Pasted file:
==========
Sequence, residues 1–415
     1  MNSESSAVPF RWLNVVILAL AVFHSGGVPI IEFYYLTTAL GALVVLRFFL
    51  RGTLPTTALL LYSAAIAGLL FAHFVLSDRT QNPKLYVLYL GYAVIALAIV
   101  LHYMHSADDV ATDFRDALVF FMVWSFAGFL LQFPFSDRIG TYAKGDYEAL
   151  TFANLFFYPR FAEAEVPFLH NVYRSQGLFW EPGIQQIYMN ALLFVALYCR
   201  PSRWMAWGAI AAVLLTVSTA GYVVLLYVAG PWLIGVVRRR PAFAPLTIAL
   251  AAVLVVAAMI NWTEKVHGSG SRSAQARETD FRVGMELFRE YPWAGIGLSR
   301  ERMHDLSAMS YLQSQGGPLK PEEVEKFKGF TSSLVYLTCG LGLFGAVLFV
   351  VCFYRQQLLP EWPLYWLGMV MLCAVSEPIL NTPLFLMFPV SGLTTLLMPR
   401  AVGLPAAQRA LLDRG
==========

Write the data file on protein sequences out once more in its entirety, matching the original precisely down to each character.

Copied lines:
Sequence, residues 1–415
     1  MNSESSAVPF RWLNVVILAL AVFHSGGVPI IEFYYLTTAL GALVVLRFFL
    51  RGTLPTTALL LYSAAIAGLL FAHFVLSDRT QNPKLYVLYL GYAVIALAIV
   101  LHYMHSADDV ATDFRDALVF FMVWSFAGFL LQFPFSDRIG TYAKGDYEAL
   151  TFANLFFYPR FAEAEVPFLH NVYRSQGLFW EPGIQQIYMN ALLFVALYCR
   201  PSRWMAWGAI AAVLLTVSTA GYVVLLYVAG PWLIGVVRRR PAFAPLTIAL
   251  AAVLVVAAMI NWTEKVHGSG SRSAQARETD FRVGMELFRE YPWAGIGLSR
   301  ERMHDLSAMS YLQSQGGPLK PEEVEKFKGF TSSLVYLTCG LGLFGAVLFV
   351  VCFYRQQLLP EWPLYWLGMV MLCAVSEPIL NTPLFLMFPV SGLTTLLMPR
   401  AVGLPAAQRA LLDRG